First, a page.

Here I am again, to talk about the second Bing Crosby and Fred Astaire team-up, the 1946 musical Blue Skies, which also stars Joan Caulfield.
Coming Up Shorts! with… Bedtime Worries (1933)
(available on Blu-ray as part of The Little Rascals: The ClassicFlix Restorations, Volume 4 (1933-1935) from ClassicFlix)
(Length: 20 minutes, 23 seconds)
Spanky’s (George McFarland) father (Emerson Treacy) has just been promoted to head shipping clerk, and has decided that Spanky must now sleep on his own. However, Spanky has a lot of trouble getting to sleep on his first night alone. I would definitely say that Spanky made this one quite entertaining! His most amusing moments would be when he tried to find out what a shipping cluck — er, I mean, clerk is (especially the attempt to explain it by his mother, played by Gay Seabrook), and all the stuff he interrupts his parents’ sleep for (including a burglar). This short was very enjoyable and memorable, and it’s one that I certainly want to come back to again and again!
And Now For The Main Feature…
Jed Potter (Fred Astaire) is part of a troupe of dancers that includes Mary O’Hara (Joan Caulfield), and he is trying to get her to join a new show in New York instead of going on the road with the one they were doing. She refuses his offer, until he takes her out to a nightclub owned by his friend Johnny Adams (Bing Crosby), with whom she immediately falls in love. While Johnny likes her, he doesn’t quite share her interest in marriage, as she prefers a bit of stability, while he has a habit of buying new nightclubs (and selling them when he tires of them). After a while, they do get married, with him “promising” to stop buying and selling new nightclubs, although he doesn’t keep his word, even after they have a child. Meanwhile, Jed loves Mary from afar, even though she never fully returns his affection.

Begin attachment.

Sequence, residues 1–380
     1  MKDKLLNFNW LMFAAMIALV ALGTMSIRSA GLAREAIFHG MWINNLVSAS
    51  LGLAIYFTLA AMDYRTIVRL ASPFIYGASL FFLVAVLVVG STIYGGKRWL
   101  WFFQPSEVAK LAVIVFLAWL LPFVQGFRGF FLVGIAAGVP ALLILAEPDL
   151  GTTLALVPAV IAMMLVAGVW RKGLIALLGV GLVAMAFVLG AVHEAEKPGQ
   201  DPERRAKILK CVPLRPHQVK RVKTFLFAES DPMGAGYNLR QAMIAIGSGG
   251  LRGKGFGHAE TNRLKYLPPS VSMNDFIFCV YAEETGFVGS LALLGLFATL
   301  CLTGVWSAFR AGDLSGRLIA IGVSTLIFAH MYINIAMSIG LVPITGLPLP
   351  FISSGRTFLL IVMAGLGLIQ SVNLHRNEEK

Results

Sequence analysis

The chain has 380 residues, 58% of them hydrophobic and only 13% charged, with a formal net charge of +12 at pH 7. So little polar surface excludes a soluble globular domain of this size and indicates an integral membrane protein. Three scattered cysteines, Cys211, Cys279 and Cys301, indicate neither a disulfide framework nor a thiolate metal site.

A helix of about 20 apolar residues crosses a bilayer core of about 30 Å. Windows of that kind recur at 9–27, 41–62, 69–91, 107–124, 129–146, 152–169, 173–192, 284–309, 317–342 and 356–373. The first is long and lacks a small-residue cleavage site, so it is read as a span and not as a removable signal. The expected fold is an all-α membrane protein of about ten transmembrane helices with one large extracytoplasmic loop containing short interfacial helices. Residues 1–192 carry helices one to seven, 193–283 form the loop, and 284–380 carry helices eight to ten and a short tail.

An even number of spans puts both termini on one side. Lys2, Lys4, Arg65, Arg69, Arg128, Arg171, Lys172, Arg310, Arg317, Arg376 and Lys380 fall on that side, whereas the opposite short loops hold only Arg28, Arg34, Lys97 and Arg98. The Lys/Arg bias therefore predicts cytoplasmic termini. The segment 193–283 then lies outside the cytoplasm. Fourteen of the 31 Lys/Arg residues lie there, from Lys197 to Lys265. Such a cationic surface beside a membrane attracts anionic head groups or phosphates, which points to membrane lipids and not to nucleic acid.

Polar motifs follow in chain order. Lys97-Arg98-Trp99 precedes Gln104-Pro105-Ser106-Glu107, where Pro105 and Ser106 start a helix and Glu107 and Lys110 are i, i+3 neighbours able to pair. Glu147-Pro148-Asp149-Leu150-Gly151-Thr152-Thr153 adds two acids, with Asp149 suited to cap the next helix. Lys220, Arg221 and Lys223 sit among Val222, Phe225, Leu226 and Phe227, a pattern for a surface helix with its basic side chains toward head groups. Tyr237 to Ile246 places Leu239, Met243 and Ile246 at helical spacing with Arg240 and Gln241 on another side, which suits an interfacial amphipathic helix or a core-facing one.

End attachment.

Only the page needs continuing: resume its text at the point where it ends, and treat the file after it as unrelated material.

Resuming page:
The idea for Blue Skies came from composer Irving Berlin, who wanted to do a musical that took place over a period of thirty years, utilizing his music from that time span. Nearly thirty-two Irving Berlin songs ended up being used in the movie, with the vast majority being older tunes and about three new songs were written for the film (with “You Keep Coming Back Like A Song” getting nominated for “Best Song” at the Oscars). Bing Crosby, Paramount’s biggest star at the time, was cast, and the original plan was to have Mark Sandrich direct the film, with actor and dancer Paul Draper as Bing’s co-star. However, Mark Sandrich died of a heart attack early in production (and was replaced by Stuart Heisler), and Paul Draper ended up being fired, amidst complaints about his stutter affecting his speech. Fred Astaire was brought in (for what would be the fifth of six movies that he did with Irving Berlin), and he announced that he would be retiring after this film (a retirement that would be short-lived, as he would end up coming back for Easter Parade less than two years later). While the film was criticized for its plot (or lack thereof), audiences still flocked to see the film, making it one of the year’s biggest hits.